El Salvador is planning to become the world’s first country to accept Bitcoin as legal tender. In a recorded announcement Saturday at Bitcoin 2021, a conference in Miami, El Salvador’s President Nayib Bukele said he planned to send a bill to Congress that would make Bitcoin payments legal in his country. The bill is likely to pass because Bukele’s party has control of the country's legislative assembly. According to CNBC, El Salvador has already assembled a team of “Bitcoin leaders” to build financial infrastructure based on the cryptocurrency for its citizens.
Why Is El Salvador Making Bitcoin Legal Tender?
The smallest country in Central America, El Salvador’s official currency is the U.S. dollar.
In his recorded message to the conference, Bukele outlined two reasons for his move. First, he says that, “In the short term, this will generate jobs and help provide financial inclusion to thousands outside the formal economy."
El Salvador is considered a poor country and 70 percent of its population does not have access to a bank account. On Twitter, Bukele stated that even if one percent of the world’s Bitcoin was invested in his country, it would increase the GDP by 25%. According to the World Bank, El Salvador had GDP of $27 billion in 2019.
The hope is that Bitcoin will make international money transfers cheaper and easier. This is especially important for El Salvador because remittances make up a large portion of the country's economy. In 2020 $5.9 billion, or roughly approximately 23% of the country's total economic output came from remittances. Since sending remittances often comes with substantial fees, anything with the potential to lower the cost could be of significant benefit to the Salvadoran economy.
Bukele’s second reason was more altruistic. According to him, the move was an attempt to push humanity “at least a tiny bit in the right direction.”
A Boost for Bitcoin?
El Salvador’s effort to make Bitcoin legal tender has occurred during an unprecedented time in global economic history. A global pandemic shutdown has resulted in a debilitating crisis, during which governments have been forced to take extensive measures to stimulate the economy and offer relief to their citizens.
Because its official currency is the US dollar, El Salvador is directly affected by the Federal Reserve's monetary policy. Therefore, because the Fed is tasked with keeping inflation and unemployment stable in the U.S., its polices, especially aggressive policies taken to deal with the effects of the pandemic, may not be best for the economy of El Salvador.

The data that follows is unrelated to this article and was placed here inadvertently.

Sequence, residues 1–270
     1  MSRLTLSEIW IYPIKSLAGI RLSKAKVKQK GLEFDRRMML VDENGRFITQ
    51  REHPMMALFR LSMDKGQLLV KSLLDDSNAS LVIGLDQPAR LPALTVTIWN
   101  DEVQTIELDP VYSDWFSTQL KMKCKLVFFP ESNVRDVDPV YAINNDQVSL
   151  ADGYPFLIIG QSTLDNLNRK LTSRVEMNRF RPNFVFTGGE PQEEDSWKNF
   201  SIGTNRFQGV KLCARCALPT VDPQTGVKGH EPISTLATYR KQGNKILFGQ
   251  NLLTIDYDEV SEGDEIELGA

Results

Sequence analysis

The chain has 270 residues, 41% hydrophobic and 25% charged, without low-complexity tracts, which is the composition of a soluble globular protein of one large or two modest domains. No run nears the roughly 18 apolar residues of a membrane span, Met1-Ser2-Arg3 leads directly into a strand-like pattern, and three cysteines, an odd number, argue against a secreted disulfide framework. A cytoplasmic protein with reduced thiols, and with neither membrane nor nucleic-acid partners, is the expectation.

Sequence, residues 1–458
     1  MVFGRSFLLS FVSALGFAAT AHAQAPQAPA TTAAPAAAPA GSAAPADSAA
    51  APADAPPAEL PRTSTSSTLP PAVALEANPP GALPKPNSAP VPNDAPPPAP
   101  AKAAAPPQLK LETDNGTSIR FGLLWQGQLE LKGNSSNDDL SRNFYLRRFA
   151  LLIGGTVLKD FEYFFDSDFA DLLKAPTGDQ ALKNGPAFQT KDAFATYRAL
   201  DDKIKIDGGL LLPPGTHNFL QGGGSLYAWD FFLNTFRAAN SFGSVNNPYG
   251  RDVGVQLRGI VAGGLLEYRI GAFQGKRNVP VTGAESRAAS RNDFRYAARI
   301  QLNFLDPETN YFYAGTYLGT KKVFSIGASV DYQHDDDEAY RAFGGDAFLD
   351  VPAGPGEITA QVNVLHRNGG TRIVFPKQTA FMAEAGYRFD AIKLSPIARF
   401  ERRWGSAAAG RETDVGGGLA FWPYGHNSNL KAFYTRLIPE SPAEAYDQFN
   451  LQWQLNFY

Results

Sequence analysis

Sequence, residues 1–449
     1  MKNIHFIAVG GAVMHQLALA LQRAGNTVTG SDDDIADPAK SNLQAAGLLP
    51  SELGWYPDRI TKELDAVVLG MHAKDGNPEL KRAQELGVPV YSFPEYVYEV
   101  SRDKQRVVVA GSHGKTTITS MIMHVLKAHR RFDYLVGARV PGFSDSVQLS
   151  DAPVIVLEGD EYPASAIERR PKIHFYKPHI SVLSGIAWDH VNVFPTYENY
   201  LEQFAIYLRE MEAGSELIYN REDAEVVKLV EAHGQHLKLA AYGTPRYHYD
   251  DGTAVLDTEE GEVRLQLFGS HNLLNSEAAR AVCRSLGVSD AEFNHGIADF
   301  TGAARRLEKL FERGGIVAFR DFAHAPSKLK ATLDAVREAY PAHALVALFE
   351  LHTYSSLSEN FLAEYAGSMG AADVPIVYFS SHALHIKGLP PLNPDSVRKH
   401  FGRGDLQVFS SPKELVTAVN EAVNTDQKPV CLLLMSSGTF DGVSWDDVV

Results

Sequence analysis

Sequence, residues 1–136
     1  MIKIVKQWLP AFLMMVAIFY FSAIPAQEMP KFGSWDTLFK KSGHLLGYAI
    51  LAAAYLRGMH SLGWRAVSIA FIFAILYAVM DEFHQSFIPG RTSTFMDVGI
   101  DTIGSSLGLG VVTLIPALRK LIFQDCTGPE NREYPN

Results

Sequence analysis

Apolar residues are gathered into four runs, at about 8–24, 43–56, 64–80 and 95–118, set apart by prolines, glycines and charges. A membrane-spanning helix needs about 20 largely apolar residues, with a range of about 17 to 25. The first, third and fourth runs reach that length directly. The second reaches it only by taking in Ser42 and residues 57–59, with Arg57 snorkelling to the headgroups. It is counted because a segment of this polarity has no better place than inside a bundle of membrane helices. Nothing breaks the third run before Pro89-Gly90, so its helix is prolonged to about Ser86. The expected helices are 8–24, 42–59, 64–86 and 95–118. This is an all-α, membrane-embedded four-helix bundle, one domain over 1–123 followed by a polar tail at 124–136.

Bukele’s proposal for Bitcoin as legal tender is meant to reduce its reliance on the Unites States. “Central banks [like the U.S. Federal Reserve] are increasingly taking actions that may cause harm to the economic stability of El Salvador…in order to mitigate the negative impact of central banks, it becomes necessary to authorize the circulation of a digital currency with a supply that cannot be controlled by any central bank and is only altered in accord with objective and calculable criteria,”.
Not surprisingly, El Salvador’s announcement was greeted with celebrations among Bitcoin enthusiasts and people in Bitcoin-related industries. Jack Mallers, founder of mobile payment company Strike, called it a “shot heard around the world for Bitcoin." His company is partnering with the Salvadoran government to build financial infrastructure.
But the celebrations failed to revive investor enthusiasm for the cryptocurrency. Unlike in the past, when positive news developments bumped Bitcoin price upwards, Bukele’s announcement failed to move the dial. The cryptocurrency’s price, in fact, fell by 7.4% to $34,999 by Saturday evening from its Saturday morning. One factor in the fall may have been Elon Musk's negative tweets about Bitcoin last Thursday.